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For the first time in over two decades, a pope is visiting Uganda. And LGBT activists there are watching and hoping that he will address the African nation's deep-seated homophobia.
On Friday, Pope Francis begins his three-day tour of the African country. In the past, Francis has responded to gay issues with a more tolerant tone than his precedessors.
"If a person is gay and seeks God and has good will, who am I to judge?" he said in 2013, which prompted The Advocate to name him Person of the Year.
Frank Mugisha, a prominent gay activist in Uganda and the executive director of Sexual Minorities Uganda, hopes the pope will bring this message to his country, where homosexuality is a crime and 96 percent of the population believes society should not accept gay people.
The Catholic Church, he told Al Jazeera, has been complicit in creating these antigay attitudes.
"The Catholic Church in Uganda has been in alliance with all the other churches in condemning and discriminating against LGBTI persons. The language that preachers use and the anti-gay statements make people who are even in the closet feel discriminated against," Mugisha said.
"Church is a place for love, for refuge and for peace and support, but that support is not given to them. They feel they have been let down by the Church a lot," he added.
Mugisha, who is Catholic, said the words of one of the world's most influential religious leaders will carry much weight in a society that is 80 percent Christian with a rapidly growing Catholic population. He joins a chorus of other voices urging His Holiness to speak about LGBT rights.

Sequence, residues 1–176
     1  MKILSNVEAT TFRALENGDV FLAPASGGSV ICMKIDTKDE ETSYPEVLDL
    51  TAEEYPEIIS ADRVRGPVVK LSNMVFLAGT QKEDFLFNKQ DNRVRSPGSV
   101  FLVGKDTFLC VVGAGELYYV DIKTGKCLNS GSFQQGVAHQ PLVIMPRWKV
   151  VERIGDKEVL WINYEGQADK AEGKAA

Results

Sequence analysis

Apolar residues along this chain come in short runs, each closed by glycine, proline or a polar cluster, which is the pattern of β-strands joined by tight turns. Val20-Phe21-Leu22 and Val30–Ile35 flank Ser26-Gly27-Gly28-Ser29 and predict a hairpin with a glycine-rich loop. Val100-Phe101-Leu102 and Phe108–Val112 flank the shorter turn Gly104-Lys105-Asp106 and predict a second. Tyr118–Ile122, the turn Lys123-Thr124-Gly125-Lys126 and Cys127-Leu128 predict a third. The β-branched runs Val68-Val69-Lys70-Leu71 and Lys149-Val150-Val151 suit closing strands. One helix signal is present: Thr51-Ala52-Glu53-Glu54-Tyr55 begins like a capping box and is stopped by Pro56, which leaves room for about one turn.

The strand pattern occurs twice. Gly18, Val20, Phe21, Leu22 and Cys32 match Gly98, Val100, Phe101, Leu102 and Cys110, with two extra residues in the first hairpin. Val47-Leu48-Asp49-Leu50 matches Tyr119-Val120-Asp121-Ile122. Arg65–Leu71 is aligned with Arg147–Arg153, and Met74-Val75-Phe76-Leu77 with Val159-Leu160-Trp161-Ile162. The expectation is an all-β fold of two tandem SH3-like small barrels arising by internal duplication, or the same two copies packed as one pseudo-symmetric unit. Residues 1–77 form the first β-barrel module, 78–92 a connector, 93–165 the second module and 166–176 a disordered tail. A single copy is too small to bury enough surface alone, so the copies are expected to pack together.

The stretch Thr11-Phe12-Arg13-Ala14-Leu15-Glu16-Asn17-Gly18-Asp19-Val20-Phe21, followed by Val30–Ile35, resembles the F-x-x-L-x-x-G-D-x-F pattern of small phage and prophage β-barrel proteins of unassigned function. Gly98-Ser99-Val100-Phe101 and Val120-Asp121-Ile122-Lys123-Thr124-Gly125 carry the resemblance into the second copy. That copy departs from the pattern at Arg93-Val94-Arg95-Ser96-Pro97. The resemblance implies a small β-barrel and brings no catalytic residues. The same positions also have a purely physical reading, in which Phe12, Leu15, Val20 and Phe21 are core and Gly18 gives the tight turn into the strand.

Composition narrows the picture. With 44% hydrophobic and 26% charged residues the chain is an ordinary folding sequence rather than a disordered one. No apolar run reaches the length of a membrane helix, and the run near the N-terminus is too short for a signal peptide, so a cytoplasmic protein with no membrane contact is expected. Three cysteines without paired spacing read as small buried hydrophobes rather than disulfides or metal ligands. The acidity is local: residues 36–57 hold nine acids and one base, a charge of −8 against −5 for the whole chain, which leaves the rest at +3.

"We hope the pope will talk about acceptance in the Catholic community, and an end to discrimination, hatred, and violence towards LGBTI persons in Uganda," said Mugisha, who is a past honoree of The Advocate's 40 Under 40.
"I feel that Pope Francis is liberal and has talked about many issues, but I still think he can say more - that LGBTI people should be welcome in the church, that they should not be discriminated against. Then the violence against us will reduce significantly. If he says something, the Catholic Church here will take that seriously," he added.
At present, no LGBT activists have been invited to meet with the pope during his visit. Mugisha said he was "disappointed" at a missed opportunity to begin a conversation about acceptance.
But he gave Al Jazeera his own message for the pope:
"I would have told the pope that Ugandans love him so much, and so do LGBTI Ugandans, and we - all Ugandans - want the same things: to live with each other in peace," he said. "So, the churches that discriminate against us the most should preach tolerance and acceptance."
"But I still hope that somehow we can go, or some of our representatives can meet the pope and we can tell him what we suffer."
Uganda has been at the center of anti-LGBT policies influenced by evangelical Christians. In 2013, Ugandan lawmakers passed a law that sentenced gay people to life in prison or death. After international outcry by human rights activists, the law was overturned on procedural grounds.